The second half of the season is proving tough for Toro Rosso and Williams, who are doing their best to stop losing ground to its main rivals.
Williams' search for performance continues, as it battles over fourth place in the championship with the other Mercedes-powered team - Force India.
Having struggled to get additional performance from updates this season, the team soldiered on in Belgium using all the components we've seen so far.
However, one thing that was was missing on the FW38 was the winglet usually mounted astride the airbox. It's believed this winglet was used to clear up airflow that would otherwise be destructive to the rear wing.
With the new wing design not operating as expected since its introduction in Baku, it seems the team have highlighted the airbox winglet as a potential problem, especially in transient conditions.
Toro Rosso had a huge package of parts that amounted to a B-Spec at the last race in Germany. However, the team wasn't happy with the overall results, expecting a leap in performance in the same realm as Force India made at Barcelona.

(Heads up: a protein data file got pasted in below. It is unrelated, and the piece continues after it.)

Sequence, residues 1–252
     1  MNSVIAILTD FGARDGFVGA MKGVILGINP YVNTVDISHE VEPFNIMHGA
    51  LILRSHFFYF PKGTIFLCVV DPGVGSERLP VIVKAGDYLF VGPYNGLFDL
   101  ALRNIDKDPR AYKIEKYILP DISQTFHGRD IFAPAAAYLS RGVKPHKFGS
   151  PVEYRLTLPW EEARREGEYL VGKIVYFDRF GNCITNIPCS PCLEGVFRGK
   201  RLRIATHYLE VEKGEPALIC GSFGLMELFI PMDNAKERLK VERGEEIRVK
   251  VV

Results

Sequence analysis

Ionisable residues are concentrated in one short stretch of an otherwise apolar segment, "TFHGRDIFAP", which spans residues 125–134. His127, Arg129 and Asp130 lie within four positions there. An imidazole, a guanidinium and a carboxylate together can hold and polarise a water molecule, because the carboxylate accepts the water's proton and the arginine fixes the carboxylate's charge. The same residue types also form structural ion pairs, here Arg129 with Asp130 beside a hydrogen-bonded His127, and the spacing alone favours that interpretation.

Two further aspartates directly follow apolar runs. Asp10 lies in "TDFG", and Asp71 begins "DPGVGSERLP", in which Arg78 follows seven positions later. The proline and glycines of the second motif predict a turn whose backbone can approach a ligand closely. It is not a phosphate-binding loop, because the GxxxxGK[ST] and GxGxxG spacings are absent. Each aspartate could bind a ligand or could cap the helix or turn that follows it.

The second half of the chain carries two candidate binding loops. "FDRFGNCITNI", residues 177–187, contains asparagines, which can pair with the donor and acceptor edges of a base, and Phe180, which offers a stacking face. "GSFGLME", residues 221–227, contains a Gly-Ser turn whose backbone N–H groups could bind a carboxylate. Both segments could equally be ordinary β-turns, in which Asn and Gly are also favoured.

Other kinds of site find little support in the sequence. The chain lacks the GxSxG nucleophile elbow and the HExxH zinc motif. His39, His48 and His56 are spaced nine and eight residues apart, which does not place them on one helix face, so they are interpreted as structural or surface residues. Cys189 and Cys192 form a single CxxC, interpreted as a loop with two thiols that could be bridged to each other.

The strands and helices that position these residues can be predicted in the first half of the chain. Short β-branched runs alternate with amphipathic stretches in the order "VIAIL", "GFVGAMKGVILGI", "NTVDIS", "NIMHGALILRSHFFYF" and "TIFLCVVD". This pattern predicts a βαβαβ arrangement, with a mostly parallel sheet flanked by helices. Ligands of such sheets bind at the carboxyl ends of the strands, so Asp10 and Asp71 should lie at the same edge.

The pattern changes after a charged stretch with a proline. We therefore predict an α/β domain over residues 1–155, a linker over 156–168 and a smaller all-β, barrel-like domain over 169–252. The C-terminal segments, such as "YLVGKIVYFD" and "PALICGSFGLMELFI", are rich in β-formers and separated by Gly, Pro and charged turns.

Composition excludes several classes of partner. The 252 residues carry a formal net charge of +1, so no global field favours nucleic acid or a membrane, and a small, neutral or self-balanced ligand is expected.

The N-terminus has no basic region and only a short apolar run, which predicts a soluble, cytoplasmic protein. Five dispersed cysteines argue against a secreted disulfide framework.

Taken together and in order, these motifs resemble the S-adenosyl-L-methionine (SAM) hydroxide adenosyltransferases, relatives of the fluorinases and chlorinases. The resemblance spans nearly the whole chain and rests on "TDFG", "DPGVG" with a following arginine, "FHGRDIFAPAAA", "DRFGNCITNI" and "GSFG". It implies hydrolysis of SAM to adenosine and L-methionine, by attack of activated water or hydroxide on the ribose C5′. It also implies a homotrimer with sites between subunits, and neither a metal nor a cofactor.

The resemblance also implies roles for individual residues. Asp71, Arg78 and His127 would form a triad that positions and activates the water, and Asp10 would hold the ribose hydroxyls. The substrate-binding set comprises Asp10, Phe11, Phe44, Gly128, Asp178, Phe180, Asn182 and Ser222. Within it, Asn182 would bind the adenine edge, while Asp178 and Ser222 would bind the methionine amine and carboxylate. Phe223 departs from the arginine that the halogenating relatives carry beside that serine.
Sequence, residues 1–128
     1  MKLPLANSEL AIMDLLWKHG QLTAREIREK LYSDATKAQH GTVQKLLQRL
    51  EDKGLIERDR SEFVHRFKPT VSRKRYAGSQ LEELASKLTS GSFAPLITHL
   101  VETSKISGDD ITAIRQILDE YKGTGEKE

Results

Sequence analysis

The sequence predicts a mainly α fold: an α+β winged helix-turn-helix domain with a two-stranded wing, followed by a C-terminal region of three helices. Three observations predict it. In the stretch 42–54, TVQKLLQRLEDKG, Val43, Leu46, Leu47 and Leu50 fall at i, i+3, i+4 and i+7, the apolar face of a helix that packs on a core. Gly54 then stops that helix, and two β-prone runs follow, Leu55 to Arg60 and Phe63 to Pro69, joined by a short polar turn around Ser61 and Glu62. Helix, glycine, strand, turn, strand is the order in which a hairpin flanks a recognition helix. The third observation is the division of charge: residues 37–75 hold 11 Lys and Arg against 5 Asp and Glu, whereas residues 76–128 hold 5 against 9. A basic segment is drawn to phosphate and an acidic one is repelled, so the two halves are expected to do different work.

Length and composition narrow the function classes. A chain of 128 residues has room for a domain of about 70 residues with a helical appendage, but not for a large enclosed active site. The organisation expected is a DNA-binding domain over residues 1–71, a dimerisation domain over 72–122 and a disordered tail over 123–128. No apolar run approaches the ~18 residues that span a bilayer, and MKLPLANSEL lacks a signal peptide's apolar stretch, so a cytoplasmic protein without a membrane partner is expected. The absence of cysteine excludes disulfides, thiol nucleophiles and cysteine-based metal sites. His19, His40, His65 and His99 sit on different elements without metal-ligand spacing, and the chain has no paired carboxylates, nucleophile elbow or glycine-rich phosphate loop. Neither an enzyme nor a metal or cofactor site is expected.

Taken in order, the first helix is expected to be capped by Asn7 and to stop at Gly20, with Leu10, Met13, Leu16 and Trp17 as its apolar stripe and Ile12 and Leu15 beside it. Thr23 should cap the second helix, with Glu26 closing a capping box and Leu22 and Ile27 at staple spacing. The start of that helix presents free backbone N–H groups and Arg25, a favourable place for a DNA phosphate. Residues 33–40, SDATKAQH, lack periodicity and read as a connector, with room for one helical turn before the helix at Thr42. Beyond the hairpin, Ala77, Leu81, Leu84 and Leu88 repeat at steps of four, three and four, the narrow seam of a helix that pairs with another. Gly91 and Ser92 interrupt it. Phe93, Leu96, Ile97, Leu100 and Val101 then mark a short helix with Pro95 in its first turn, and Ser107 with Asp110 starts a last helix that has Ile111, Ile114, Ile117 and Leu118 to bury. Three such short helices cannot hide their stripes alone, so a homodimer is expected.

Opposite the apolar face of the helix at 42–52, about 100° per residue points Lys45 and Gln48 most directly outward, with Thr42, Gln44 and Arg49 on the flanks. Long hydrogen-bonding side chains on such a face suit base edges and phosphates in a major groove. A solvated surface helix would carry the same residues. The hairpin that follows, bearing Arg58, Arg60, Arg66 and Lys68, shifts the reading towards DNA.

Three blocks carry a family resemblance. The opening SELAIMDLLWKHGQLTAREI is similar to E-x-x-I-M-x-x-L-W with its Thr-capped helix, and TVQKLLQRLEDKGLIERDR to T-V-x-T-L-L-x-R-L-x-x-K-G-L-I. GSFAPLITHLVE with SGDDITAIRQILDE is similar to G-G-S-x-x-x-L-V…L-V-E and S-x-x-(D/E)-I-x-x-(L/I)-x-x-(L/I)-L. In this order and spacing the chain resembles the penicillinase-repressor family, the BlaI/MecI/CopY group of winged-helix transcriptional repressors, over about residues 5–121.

At Spa the team wanted to re-balance the car, planning to run its low-downforce rear wing (above), which features shorter chord flaps, set at a much shallower angle, and only two of the displaced endplate louvres STR pioneered this season.
In order to balance things up, the new front wing's upper flap was cut down to take some load off the front end (upper arrow), whilst the tip was also revised in order to change how the Y250 vortex forms below (lower arrow).
As part of the update in Germany the team reduced the number of vortex generators on the sidepod's leading edge by one, owing to the use of the conjoined vertical airflow conditioner, which arches over to meet with the sidepod's shoulder.
However, for Belgium the team went one step further, removing the other vortex generator in the hopes of changing the sidepod's aerodynamic operating window.
Co-author: Matt Somerfield, Assistant Technical Editor